The public is urged to be on the lookout for an invasive species that threatens to choke up the Welland River and could affect shipping on the Great Lakes waterways if not contained.
The European water chestnut is an invasive plant that came to Canada from the eastern United States and is found in sections of the Welland River.
It creates large, thick patches of leaves on the surface of the water, which blocks out light, killing other plants in the river. It also leads to anoxic conditions, where there is no oxygen in the water, which leads to fish deaths.
Recreation on the river is also affected by the plant. The seeds have barbs that are half an inch long, so sharp that they can slice through skin and leather.
The plant also makes it hard for boats to navigate the water, as they can get stuck in engines and make paddling difficult.
Karen Alexander, policy co-ordinator at the Invasive Species Centre (ISC), said that although the species is currently contained to specific sections of the Welland River, it could take over a decade to eradicate the plant since the seeds can still sprout 10 to 15 years later.
There are also fears that it could spread to the Great Lakes water network and cause problems for shipping.
Alexander said that in the eastern United States, where the species has taken hold, authorities are spending millions of dollars to get it under control.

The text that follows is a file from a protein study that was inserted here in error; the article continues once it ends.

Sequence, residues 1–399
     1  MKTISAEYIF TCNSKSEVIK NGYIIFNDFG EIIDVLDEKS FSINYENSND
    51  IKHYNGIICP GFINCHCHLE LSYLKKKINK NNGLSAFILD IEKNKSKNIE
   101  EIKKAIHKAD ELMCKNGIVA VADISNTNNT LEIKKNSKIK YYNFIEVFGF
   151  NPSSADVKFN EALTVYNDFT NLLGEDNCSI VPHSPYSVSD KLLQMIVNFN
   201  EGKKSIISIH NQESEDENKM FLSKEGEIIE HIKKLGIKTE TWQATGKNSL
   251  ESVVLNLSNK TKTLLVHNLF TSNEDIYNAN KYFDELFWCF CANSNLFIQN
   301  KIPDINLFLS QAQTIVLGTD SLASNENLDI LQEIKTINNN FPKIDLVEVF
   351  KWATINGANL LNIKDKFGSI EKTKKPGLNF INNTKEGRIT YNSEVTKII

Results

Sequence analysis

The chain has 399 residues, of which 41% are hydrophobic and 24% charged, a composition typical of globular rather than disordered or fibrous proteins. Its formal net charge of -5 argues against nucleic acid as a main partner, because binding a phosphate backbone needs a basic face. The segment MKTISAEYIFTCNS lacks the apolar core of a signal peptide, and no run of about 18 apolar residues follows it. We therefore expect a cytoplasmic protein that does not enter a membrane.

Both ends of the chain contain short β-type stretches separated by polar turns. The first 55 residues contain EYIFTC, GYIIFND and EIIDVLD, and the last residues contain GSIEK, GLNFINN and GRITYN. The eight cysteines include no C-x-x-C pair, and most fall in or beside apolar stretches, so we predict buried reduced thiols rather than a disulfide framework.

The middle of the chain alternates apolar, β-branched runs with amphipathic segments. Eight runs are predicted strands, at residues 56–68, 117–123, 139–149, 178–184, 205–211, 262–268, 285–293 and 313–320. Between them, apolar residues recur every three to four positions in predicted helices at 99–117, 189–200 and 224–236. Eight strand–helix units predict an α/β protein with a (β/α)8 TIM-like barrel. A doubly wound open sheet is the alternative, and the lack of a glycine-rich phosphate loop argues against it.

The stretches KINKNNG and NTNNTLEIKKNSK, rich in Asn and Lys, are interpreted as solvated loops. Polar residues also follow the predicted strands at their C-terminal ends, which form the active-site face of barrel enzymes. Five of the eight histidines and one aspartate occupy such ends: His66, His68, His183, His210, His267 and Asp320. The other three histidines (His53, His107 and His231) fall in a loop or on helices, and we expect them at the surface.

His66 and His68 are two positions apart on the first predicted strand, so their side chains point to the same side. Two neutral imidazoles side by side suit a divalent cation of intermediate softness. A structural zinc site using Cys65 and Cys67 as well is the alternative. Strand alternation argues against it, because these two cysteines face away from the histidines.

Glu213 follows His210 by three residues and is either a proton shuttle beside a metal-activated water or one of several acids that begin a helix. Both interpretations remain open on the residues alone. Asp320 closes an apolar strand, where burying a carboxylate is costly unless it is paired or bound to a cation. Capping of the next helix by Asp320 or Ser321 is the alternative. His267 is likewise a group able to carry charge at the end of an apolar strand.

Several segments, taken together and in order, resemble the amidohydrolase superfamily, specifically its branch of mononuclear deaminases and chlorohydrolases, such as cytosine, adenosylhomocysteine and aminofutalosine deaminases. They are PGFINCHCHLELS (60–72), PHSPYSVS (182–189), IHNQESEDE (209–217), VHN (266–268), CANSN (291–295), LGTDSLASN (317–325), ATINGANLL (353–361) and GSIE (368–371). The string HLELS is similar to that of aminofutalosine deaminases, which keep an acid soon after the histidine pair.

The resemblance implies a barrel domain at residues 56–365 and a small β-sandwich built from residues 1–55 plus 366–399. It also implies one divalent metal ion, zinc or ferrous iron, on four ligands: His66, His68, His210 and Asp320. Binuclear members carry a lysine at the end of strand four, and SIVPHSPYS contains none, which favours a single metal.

“We really don’t want to let this species take hold in Ontario,” she said.
The species was first spotted in the river in summer 2020 and last year the ISC and a team from Ducks Unlimited Canada went out to see how bad the problem was.
Fortunately, they decided the situation was manageable, but work needs to be done to contain the plant to the current 26-kilometre stretch of river and eventually eradicate it.
To deal with the issue, the Ontario Federation of Anglers and Hunters is sending out an invading species “hit squad” to pull out the plant safely and dispose of it effectively.
The public also has a role to play in controlling this invasive plant.
The ISC is running two paddling tours later this year to educate the public and hold a session to pull the plants out of the river. Those interested in the tours can keep an eye on the ISC website for more information.
If you see the plant, you can report its location on EDDMapS, which will help authorities keep an eye on where the plant is spreading. This is especially important if you see it outside of the Welland River, which would show that the plant is spreading to other waterways.
Boaters on the river should also take care not to go through the chestnuts or create wake around them, which would break up the plant and encourage it to spread downriver.
Alexander warned that this episode is a reminder that people should think carefully about what they plant in their gardens, since the outbreak of water chestnuts was thought to be started by a gardener in Massachusetts who put the plant in his pond.
Chris Pickles, Local Journalism Initiative Reporter, Grimsby Lincoln News